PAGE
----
Overall I really learned a lot, and learned that I have a LOT to work on- more on me than on Louie at this point.  I like Julie's teaching style, and I really like how much work she puts into teaching, she's not only good at teaching, but she's very passionate about it and motivated/energetic and involved.  I feel that I'm not grasping the whole big picture quite yet, but I'm sure I'll get there. 

In other news, Louie has moved up in the totem pole!  He's in the paddock now with 3 other horses and apparently he's above one other horse there.  What a relief for him to finally not be rock bottom.  He seems to be settling in well and is not looking beat up at all, is enjoying the round bale, and got his light winter blankie tonight (it's brr cold outside!). 

We're looking forward to our next lesson, but have a lot to work on in the mean time! 

Sunday, November 13, 2011

Home Sweet Home

Louie moved to his new stable yesterday, and is settling in very well. 

We had our first ride today and Louie felt great.  We rode in our all purpose saddle, and he felt like he was moving really nicely and was relaxed but energetic.  We got some awesome neck stretches at the trot; I don't think I've ever seen him relax his neck down at the trot like this before, with this much regularity. 

The footing in the arena is awesome, I could tell within the first few steps at the trot, as they felt springy and powerful.  Louie felt very balanced and controlled at the canter, and we were even able to practice some "lengthenings" (I put it in quotes as it's not really a true lengthening, but the closest we've come to it so far) at all gaits, and some lateral work at the walk. 

The only thing that was a bit of a challenge for us was the tack-up area, and not because it isn't an awesome set up- it really is (and it's heated, so that's a huge plus in the winter!).  It's a wide walkway with 3 double size tie stalls on one side, where there are cross ties for the horses, used for grooming and tacking.  The challenge was backing into them.  I suppose walking backwards into an enclosed space that you've never been in before is a bit of a high expectation for Louie's first time in the tack-up area.  It took a minute, but he eventually backed in and stood in the cross ties very nicely while we groomed and tacked up.  It will just take some repetition for him to master it, I'm sure.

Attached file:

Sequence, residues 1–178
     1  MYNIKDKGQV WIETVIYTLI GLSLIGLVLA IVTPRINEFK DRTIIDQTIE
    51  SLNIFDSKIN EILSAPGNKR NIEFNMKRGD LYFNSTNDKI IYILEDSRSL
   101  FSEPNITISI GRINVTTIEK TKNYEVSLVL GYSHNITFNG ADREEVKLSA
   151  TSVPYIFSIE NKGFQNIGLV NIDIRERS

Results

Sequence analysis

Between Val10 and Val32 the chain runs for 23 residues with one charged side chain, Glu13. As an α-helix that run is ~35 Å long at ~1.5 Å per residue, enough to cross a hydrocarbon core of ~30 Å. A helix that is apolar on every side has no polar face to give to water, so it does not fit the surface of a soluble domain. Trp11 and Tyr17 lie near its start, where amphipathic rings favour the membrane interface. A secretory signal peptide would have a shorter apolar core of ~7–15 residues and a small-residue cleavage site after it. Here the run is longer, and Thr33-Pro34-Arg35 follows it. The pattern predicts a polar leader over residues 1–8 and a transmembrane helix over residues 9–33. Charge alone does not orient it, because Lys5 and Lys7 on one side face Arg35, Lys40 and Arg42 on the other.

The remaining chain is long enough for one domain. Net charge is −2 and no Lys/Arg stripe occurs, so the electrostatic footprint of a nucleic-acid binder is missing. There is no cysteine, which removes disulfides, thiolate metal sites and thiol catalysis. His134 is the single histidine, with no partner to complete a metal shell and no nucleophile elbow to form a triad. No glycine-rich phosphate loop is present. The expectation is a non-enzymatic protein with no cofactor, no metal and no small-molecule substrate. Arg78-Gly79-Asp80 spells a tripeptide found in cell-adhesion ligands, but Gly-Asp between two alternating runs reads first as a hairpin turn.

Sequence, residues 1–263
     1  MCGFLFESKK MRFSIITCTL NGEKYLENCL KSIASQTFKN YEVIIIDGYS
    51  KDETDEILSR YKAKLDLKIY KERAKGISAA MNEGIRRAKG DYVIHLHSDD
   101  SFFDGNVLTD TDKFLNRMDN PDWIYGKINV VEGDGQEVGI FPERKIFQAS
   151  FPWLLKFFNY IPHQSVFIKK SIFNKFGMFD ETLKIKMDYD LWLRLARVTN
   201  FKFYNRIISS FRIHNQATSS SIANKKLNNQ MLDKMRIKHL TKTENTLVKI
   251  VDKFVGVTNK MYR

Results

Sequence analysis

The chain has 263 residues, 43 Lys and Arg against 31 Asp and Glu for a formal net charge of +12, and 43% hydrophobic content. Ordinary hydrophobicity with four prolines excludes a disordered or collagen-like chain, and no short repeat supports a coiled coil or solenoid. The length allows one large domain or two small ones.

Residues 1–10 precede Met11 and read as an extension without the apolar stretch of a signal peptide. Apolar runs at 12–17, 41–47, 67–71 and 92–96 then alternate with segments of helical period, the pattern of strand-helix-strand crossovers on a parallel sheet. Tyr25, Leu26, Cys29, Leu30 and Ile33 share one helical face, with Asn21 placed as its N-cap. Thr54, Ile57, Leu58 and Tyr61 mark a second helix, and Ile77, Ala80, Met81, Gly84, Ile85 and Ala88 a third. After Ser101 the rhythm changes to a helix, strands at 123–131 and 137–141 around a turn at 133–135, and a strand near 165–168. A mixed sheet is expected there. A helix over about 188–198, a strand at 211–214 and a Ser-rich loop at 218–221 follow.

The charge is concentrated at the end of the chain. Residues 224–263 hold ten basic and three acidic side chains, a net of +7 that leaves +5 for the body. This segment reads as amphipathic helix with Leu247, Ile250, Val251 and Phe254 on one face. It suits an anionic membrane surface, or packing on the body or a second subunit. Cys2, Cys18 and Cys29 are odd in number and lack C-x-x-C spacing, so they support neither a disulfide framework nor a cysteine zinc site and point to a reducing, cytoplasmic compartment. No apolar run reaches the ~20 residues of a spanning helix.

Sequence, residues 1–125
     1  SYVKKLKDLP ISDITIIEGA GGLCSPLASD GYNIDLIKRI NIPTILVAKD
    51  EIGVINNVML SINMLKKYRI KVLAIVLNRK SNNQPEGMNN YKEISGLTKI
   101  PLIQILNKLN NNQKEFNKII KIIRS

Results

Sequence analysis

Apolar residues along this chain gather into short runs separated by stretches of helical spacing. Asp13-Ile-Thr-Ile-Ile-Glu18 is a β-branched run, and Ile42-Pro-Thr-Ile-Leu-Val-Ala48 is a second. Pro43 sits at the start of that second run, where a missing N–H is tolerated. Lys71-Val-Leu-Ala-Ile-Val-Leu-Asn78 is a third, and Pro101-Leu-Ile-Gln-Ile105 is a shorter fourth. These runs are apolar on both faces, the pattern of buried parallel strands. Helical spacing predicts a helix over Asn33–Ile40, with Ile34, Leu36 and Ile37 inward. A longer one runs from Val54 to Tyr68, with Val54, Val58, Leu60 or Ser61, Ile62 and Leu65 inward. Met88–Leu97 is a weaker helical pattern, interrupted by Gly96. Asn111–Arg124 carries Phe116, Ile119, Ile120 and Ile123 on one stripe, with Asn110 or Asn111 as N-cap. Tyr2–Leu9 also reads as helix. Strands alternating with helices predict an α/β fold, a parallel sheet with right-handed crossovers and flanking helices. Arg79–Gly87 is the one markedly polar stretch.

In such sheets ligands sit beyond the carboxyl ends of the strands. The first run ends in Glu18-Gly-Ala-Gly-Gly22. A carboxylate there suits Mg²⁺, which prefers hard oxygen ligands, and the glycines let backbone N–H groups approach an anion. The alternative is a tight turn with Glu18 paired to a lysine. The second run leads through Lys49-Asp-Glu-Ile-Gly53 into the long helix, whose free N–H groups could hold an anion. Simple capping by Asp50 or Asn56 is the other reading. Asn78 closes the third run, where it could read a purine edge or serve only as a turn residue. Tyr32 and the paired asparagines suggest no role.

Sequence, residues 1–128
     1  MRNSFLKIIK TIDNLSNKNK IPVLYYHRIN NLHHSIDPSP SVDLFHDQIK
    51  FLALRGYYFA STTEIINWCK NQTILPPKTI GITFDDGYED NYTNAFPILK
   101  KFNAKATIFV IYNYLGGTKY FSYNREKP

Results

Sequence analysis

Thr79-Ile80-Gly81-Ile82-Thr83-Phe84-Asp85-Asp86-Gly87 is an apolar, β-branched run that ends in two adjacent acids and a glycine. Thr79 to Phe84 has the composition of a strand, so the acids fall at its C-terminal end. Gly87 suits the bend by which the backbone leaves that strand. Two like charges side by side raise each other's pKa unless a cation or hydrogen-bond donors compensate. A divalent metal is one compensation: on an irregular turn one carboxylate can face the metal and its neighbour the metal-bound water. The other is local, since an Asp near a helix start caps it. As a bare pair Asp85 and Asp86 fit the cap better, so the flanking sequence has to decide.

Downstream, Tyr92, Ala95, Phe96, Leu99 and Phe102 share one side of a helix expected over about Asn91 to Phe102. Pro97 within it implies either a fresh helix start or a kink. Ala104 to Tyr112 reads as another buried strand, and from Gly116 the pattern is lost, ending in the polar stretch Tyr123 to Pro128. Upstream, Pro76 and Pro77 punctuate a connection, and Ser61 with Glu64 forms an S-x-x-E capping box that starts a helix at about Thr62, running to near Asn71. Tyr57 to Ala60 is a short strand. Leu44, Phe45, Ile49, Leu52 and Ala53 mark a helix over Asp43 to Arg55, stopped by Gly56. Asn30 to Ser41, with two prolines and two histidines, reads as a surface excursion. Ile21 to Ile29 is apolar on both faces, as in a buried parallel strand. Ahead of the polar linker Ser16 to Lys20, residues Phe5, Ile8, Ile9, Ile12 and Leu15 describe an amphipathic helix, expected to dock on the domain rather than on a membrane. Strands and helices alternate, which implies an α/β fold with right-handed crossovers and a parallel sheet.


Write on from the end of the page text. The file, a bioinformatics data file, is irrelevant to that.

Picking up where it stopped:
We've got our first lesson scheduled for Thursday; I'm super excited!  I'm also a little nervous for it, though, as being new to the stable and the routine, I can't help but worry that we'll stick out like a sore thumb, out of condition, and in need of a lot of work. . . well, as far as sticking out like a sore thumb, that might happen anyhow because I'm pretty sure Louie is the only Saddlebred at the stable.  But hopefully we'll stick out like a pretty painted fingernail instead of a sore thumb, as I liken Saddlebreds closer to that analogy. 

So far, so good.  Louie was turned out today in a big grass pasture with his 3 new pasturemates, and I hear it went well.  For the next few days though, he'll mostly be hanging out in his dry lot by himself until everyone gets adjusted.  He looks pretty happy to me!

Thursday, November 10, 2011

Getting Ready for Our Next Adventure!

We've been spending the past week relaxing, doing a little long lining, but mostly just some peaceful grooming and eating buckets of soaked alfalfa cubes (Louie, not me).  We are getting our items together and cleaned for a fresh new start at a new barn, to which we move this weekend.  The fall weather has been perfect, and is just starting to turn cold, so the timing is perfect.

We're going to be moving to a dressage and eventing stable called Sunborn Stables, to ride with their fabulous trainer and instructors.  The stable is a bit further from home than I'd prefer, but they take great care of the horses, are innovative and possibly more picky about how their facility and horses are maintained than I am.  So, I am expecting the drive will be well worth it as I won't worry about Louie as much as I have in previous situations; he'll be in good hands, and we'll be immersed into a learning environment once again where we can just focus on our training and making progress in a new discipline.  I am really looking forward to being able to ride through the winter, and to learn more dressage, and also improve our jumping skills.  I'm quite confident that we will be able to make some progress at this stable, as they've got an excellent track record, many of their students actively compete all over the country, and they were able to help Louie and me with coaching in just a few minutes between rides at our dressage show last month.  I am very hopeful that we'll be able to get an extended trot out of Louie!

Very excited for the move and looking forward to diving in to dressage head first!